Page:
utility computing 500 use less pay less cloud computing 28 Platform as a Service (PaaS) Web Application Services PaaS Internet Multi-tenant architecture platform 29

Software as a Service (SaaS) a model of software deployment whereby a provider licenses an application to customers for use as a service on demand. 30 Who cares? Ready-made large-data problems

Lots of user-generated content Even more user behavior data Examples: Facebook friend suggestions, Google ad placement Business intelligence: gather everything in a data warehouse and run analytics to generate insight Utility computing

Provision Hadoop clusters on-demand in the cloud Lower barrier to entry for tackling large-data problem Commoditization and democratization of large-data capabilities 31 Story around Hadoop Google-IBM Cloud Computing Initiative 2007 10 Google IBM 6

MapReduce Hadoop 200 0 2500 33 Cloud Computing Initiative Google and IBM team on cloud computing initiative for universities(2007) provide several hundred computers access through the Internet to test parallel programming projects The idea for the program from

Google senior software engineer Christophe Bisciglia Google Code University 34 The Information Factories Googleplex(pre-2008) servers number 450,000, according to the lowest estimate 200 petabytes of hard disk storage four petabytes of RAM To handle the current load of 100 million queries a day, input-output bandwidth must be

in the neighborhood of 3 petabits per second 35 Google Infrastructure 2003 "The Google file system," in sosp. Bolton Landing, NY, USA: ACM Press, 2003. 2004 "MapReduce: Simplified Data Processing on Large Clusters," in osdi, 2004, 2006 "Bigtable: A Distributed Storage System for Structured Data (Awarded Best Paper!)," in osdi, 2006 . 36

Hadoop Project Doug Cutting 37 History of Hadoop

2004 - Initial versions of what is now Hadoop Distributed File System and Map-Reduce implemented by Doug Cutting & Mike Cafarella December 2005 - Nutch ported to the new framework. Hadoop runs reliably on 20 nodes. January 2006 - Doug Cutting joins Yahoo! February 2006 - Apache Hadoop project official started to support the standalone development of Map-Reduce and HDFS. March 2006 - Formation of the Yahoo! Hadoop team May 2006 - Yahoo sets up a Hadoop research cluster - 300 nodes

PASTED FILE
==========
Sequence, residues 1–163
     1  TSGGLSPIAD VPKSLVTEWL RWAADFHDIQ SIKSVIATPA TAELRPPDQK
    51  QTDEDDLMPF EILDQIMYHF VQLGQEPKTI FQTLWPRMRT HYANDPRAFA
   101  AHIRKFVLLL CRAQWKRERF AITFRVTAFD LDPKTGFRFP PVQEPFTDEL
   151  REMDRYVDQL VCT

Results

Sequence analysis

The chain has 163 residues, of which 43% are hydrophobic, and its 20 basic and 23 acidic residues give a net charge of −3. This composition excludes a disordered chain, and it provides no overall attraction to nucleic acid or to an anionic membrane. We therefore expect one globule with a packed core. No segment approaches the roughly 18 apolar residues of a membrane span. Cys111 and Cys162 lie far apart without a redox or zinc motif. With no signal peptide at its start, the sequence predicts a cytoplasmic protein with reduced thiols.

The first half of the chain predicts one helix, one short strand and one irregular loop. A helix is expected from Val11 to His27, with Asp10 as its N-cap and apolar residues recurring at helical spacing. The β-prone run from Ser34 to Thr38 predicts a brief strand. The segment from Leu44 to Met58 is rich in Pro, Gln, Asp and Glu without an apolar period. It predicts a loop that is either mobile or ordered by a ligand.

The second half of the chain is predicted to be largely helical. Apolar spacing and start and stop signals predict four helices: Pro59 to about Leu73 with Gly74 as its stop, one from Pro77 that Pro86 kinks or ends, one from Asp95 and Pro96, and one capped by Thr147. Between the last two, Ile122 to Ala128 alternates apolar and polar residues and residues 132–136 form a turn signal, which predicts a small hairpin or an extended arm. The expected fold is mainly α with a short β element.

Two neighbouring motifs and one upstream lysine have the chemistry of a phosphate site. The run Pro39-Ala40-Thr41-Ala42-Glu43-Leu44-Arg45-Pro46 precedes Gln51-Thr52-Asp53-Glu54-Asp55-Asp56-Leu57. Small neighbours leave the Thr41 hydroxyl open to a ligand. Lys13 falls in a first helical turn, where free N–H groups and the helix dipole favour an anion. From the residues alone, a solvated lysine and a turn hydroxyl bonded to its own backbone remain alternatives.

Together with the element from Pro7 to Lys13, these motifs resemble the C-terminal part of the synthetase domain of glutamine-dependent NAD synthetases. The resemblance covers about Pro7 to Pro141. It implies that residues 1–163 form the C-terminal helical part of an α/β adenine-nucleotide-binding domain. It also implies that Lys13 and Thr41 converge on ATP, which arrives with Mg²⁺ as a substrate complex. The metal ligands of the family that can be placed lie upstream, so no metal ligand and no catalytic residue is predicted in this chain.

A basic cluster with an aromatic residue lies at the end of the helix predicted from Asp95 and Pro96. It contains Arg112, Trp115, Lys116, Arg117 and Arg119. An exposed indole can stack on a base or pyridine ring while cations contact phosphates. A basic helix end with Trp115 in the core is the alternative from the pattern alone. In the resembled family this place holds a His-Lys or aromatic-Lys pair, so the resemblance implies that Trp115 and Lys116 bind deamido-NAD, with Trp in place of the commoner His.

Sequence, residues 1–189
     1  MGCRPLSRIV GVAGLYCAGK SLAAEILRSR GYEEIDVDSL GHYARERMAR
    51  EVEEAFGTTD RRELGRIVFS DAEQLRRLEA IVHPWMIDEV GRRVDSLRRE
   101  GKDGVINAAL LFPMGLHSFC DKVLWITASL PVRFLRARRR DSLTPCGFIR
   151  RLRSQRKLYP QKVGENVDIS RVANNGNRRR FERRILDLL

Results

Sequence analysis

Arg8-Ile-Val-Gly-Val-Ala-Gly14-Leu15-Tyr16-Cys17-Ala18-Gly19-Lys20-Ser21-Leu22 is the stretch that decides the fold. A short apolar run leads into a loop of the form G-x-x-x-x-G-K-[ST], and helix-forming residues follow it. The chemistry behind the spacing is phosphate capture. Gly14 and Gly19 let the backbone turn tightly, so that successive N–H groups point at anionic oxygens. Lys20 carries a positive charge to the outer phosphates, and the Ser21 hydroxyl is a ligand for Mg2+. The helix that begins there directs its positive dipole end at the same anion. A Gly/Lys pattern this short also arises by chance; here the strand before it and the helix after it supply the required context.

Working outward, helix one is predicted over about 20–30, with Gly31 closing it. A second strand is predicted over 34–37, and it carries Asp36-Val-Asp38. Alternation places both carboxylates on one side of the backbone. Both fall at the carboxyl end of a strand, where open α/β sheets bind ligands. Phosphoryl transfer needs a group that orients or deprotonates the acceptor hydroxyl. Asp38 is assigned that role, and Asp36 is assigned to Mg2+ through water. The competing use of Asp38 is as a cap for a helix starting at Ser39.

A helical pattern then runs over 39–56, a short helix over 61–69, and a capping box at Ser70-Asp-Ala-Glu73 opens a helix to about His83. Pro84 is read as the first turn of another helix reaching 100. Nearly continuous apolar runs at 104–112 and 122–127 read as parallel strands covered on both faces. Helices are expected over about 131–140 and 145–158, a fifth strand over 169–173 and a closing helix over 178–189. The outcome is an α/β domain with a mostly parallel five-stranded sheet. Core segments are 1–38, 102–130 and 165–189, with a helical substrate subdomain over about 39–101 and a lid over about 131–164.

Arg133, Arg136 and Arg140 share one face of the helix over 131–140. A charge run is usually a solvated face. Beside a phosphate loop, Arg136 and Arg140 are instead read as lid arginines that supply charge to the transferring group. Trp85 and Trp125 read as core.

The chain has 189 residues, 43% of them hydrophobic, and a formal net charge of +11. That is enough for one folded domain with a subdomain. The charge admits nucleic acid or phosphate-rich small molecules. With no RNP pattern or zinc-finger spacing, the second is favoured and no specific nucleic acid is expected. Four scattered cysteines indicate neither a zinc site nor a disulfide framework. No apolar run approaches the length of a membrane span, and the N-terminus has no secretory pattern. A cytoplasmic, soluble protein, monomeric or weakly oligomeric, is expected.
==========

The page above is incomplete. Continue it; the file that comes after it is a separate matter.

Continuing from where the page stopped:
April 2006 - Sort benchmark run on 188 nodes in 47.9 hours May 2006 - Sort benchmark run on 500 nodes in 42 hours (better hardware than April benchmark) October 2006 - Research cluster reaches 600 Nodes December 2006 - Sort times 20 nodes in 1.8 hrs, 100 nodes in 3.3 hrs, 500 nodes in 5.2 hrs, 900 nodes in 7.8 January 2007 - Research cluster reaches 900 node April 2007 - Research clusters - 2 clusters of 1000 nodes April 2008: Won the 1-terabyte sort benchmark in 209 seconds on 900 nodes. October 2008: Loading 10 terabytes of data per day onto research clusters. March 2009: 17 clusters with a total of 24,000 nodes. April 2009: Won the minute sort by sorting 500 GB in 59 seconds (on 1,400 nodes) and the 100terabyte sort in 173 minutes (on 3,400 nodes). 38 Google Code University 2008, Seminar: Mass Data

Processing Technology on Large Scale Clusters, Tsinghua University Aaron Kimball 39 Startup: Cloudera Cloudera is pushing a commercial distribution for Hadoop Mike Olson Christophe Bisciglia Doug Cutting Aaron Kimball Tom White

40 Course Administrivia TextBooks [Tom] Tom White, Hadoop: The Definitive Guide, O'Reilly, 3rd, 2012.5. [Lin] Jimmy Lin and Chris Dyer, Data-Intensive Text Processing with MapReduce, 2013.1. 42 This schedule is tentative and subject to change without notice ID Topics

Contents Reading 7/9 Introduction to MapReduce ( ppt) Why large data? Cloud Computing Story about Hadoop [Lin]Ch1:Introduction

[Tom]Ch1:Meet Hadoop 7/11 MapReduce Basics (ppt) How do we scale up? MapReduce HDFS [Lin]Ch2:Mapreduce Basics [Tom]Ch6:How mapreduce works [GFS&MapReduce Paper] MapReduce Program Develop

Basic MapReduce algorithm design and design patterns [Tom]Ch5:Developing a MapReduce Application [Lin]Ch3:MapReduce algorithm design Introduction to Information Retrieval Inverted Index on MapReduce Retrieval Problems [Lin]Ch4:Inverted Indexing for Text Retrieval Graph Algorithm and Mapreduce Parallel Breadth-First-Search

PageRank [Lin]Ch5:Graph Algorithms What is clustering Applications of clustering in information retrieval K-means algorithm Evaluation of clustering How many clusters Canopy clustering [IIR] Ch16 7/16

7/18 7/23 7/25 MapReduce Algorithm Design(ppt) Text retrieval ( ppt) Graph Algorithm (ppt ) Flat Clustering

(ppt) Canopy Clustering (ppt) 43 Recap Why large data? Cloud computing Story about Hadoop 44